Have you ever wondered why a man can seemingly read a map blindfolded but can't find his own socks?  The reason may be found in his genetic makeup.  Research is discovering that men and women actually perceive reality differently. 

In one university experiment, students were blindfolded while an experimenter who served as a guide walked them through a complex maze of tunnels that ran beneath campus buildings. After traversing this maze, women were asked to locate a familiar college building.  Nearly every woman in the experiment was uncertain and unable to locate it. 


Men, on the other hand, had relatively little trouble with the task. In spite of all the subterranean twists and turns, men tended to retain a firm sense of direction and, with a kind of internal compass, were far more likely to identify the location of the building - even after walking through the maze blindfolded.  Chalk one up for the male species.


But before you put all your money on men, consider another university experiment.  In this one, students were asked to wait in a small room with a cluttered desk while the experimenter "got something ready."  The students thought they were simply waiting for the experiment to begin, but this actually was the experiment. 


After two minutes, each student was asked to describe in detail the waiting room from memory.  Men, it turned out, didn't do well on the test, and were able to remember very little.  Most men were barely able to describe much of the room in clear and accurate detail.  They often missed major objects located on the desk right in front of them.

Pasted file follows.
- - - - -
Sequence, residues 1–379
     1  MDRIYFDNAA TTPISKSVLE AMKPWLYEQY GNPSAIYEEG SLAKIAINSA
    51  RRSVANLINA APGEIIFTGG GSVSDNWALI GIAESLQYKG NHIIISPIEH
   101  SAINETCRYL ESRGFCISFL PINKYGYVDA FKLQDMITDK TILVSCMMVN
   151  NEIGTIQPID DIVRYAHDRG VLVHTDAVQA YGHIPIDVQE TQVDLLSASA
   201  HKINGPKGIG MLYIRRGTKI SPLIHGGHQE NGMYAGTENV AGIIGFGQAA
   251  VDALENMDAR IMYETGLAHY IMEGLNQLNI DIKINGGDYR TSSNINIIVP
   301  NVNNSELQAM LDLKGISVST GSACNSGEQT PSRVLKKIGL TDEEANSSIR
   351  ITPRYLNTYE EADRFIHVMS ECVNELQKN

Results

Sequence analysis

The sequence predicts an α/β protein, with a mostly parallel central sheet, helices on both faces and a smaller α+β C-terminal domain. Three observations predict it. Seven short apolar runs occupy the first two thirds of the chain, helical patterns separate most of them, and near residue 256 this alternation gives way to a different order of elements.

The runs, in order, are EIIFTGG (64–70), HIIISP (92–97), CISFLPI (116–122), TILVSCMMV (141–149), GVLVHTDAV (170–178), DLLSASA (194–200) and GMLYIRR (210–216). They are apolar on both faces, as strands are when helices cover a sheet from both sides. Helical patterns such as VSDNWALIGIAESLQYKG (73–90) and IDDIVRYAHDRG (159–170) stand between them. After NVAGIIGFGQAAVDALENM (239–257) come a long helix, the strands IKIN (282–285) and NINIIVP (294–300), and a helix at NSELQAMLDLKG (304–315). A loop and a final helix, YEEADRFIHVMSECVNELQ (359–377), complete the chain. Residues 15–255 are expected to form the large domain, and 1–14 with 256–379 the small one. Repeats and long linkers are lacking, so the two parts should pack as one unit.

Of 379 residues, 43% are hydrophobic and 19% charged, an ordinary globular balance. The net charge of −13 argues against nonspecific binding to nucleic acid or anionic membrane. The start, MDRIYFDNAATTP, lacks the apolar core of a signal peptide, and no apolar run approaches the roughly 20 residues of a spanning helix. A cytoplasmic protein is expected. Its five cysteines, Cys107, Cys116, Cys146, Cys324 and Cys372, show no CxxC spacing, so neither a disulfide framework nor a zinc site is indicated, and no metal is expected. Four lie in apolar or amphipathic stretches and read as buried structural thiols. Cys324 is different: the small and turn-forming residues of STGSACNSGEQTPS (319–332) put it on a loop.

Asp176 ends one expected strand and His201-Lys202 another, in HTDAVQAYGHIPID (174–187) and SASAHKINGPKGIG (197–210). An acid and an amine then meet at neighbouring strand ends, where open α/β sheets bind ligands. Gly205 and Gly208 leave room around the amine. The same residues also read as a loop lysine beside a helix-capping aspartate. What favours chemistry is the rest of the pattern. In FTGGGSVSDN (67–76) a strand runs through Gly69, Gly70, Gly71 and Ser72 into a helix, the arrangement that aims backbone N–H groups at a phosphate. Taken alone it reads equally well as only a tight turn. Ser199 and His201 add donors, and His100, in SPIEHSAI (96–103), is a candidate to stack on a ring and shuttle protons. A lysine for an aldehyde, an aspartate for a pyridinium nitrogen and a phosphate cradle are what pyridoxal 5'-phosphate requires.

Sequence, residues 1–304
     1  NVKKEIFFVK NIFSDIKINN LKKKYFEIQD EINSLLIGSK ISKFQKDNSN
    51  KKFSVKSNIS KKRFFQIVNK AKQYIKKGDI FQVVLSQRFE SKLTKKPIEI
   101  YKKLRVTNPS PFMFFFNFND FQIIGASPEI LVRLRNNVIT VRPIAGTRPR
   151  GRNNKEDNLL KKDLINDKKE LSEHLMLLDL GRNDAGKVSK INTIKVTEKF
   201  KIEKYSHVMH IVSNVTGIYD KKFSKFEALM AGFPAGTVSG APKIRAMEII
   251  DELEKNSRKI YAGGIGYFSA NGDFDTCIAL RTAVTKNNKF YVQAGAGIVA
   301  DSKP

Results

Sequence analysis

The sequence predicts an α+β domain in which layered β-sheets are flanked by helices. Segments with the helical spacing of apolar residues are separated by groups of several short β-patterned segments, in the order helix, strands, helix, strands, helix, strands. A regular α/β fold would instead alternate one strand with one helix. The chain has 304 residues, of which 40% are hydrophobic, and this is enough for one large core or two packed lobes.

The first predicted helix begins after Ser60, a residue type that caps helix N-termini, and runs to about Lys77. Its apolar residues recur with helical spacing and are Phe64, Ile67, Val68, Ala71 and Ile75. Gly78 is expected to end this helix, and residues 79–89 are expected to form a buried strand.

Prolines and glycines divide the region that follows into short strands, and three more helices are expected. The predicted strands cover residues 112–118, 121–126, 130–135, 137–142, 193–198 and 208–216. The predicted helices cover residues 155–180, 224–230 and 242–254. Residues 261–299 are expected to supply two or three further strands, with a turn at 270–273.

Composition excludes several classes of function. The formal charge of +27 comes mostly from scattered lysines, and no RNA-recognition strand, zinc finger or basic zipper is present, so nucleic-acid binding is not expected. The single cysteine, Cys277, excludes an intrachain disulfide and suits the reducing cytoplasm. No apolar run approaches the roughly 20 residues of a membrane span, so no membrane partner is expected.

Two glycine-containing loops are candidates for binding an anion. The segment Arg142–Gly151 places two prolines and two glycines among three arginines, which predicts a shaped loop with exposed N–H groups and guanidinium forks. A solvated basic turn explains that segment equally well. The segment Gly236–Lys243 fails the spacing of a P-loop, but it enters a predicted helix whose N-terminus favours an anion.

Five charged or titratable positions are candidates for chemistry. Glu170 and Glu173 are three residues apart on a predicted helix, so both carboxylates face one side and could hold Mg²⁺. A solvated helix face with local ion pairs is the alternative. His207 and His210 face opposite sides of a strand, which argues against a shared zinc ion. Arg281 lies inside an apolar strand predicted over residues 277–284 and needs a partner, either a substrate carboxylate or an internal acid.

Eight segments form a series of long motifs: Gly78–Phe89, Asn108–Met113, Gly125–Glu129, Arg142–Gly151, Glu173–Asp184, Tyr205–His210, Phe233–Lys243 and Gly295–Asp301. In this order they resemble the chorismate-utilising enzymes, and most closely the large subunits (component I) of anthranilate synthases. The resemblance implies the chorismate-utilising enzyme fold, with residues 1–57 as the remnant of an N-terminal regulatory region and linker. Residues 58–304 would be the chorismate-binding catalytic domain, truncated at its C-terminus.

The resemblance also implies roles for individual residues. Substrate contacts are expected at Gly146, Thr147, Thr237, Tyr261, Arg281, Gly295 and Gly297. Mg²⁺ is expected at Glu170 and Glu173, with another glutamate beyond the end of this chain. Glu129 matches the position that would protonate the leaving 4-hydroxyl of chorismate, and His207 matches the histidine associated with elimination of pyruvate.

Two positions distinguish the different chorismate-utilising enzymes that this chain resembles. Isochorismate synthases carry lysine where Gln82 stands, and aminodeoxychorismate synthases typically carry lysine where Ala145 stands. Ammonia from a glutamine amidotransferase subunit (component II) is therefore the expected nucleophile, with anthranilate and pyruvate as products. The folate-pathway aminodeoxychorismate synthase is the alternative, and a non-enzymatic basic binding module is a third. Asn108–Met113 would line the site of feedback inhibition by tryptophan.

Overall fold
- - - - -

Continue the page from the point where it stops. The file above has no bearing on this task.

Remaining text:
Women, on the other hand, could go on and on with precise descriptions of the room's contents.  In fact, women proved 70 percent better than men at recalling complex patterns formed by apparently random and unconnected items.  That's one point for the women's side. But who's keeping score?


In these experiments and dozens of others like them, men and women consistently perform at different levels - sometimes men outperform women and sometimes vice versa.  Based on these results, scientists are suddenly fast at work trying to account for the differences; what they're finding may surprise you.


Why are researchers just now exploring the differences between men and women?  The reason can be traced back to the 1970s, when the feminist revolution nearly prohibited talk of inborn differences in the behavior of males and females.  Pointing out distinctions between the sexes was simply off limits if you were a respectable researcher wanting to keep your job. 


Men dominated fields like architecture and engineering, it was argued, because of social, not hormonal, pressures.  Women did the vast majority of society's child rearing because few other options were available to them.